New WHO cervical screening guidelines may prevent more than 62 million deaths in the next 100 years
The new guideline include some important shifts in WHO’s recommended approaches to cervical screening.
In particular, it recommends an HPV DNA based test as the preferred method, rather than visual inspection with acetic acid (VIA) or cytology (commonly known as a ‘Pap smear’), currently the most commonly used methods globally to detect pre-cancer lesions.
HPV-DNA testing detects high-risk strains of HPV which cause almost all cervical cancers. Unlike tests that rely on visual inspection, HPV-DNA testing is an objective diagnostic, leaving no space for interpretation of results.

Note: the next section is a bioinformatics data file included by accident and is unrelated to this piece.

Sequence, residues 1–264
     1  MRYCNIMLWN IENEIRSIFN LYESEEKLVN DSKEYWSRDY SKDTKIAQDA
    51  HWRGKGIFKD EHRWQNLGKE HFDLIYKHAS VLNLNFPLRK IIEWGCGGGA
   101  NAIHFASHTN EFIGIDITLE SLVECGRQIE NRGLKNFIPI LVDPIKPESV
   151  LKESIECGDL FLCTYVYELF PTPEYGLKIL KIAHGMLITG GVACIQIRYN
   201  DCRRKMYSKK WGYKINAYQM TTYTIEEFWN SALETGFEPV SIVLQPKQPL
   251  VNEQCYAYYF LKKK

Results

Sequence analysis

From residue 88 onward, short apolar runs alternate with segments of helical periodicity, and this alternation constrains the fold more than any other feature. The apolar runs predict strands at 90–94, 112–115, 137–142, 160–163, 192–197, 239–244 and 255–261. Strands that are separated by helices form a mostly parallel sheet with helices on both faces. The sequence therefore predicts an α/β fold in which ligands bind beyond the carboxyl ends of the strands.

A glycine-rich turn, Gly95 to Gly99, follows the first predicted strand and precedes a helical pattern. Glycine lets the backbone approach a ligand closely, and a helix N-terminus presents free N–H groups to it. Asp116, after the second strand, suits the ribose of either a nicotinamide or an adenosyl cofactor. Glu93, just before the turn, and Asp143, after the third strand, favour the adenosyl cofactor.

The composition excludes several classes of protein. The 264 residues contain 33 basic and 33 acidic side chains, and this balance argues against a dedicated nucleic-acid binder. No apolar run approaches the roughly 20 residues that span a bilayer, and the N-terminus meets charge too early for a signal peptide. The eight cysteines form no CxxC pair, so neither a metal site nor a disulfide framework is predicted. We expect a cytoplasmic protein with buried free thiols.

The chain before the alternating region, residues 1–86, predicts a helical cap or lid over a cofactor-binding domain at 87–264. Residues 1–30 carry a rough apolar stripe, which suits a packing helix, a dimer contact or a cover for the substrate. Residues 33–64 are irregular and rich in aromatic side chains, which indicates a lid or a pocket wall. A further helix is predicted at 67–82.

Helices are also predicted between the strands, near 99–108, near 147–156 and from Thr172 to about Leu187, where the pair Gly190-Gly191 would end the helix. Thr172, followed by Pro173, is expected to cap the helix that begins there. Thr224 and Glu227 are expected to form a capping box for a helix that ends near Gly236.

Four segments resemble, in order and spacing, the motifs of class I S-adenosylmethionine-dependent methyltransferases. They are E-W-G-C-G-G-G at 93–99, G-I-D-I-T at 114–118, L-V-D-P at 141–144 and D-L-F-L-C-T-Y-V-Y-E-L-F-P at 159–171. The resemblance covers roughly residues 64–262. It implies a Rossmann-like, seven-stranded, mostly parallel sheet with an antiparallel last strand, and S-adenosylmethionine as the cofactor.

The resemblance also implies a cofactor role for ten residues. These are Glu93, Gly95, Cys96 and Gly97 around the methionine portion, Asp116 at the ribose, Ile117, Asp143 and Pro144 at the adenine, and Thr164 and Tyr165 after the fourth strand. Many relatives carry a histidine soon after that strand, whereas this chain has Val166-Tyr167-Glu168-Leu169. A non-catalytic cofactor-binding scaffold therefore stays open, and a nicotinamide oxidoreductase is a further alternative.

Although the process for a healthcare provider obtaining a cervical sample is similar with both cytology or HPV DNA testing, HPV DNA testing is simpler, prevents more pre-cancers and cancer, and saves more lives than VIA or cytology. In addition, it is more cost-effective.
More access to commodities and self-sampling is another route to consider for reaching the global strategy target of 70% testing by 2030.
WHO suggests that self-collected samples can be used when providing HPV DNA testing. Studies show that women often feel more comfortable taking their own samples, for instance in the comfort of their own home, rather than going to see a provider for screening. However, women need to receive appropriate support to feel confident in managing the process.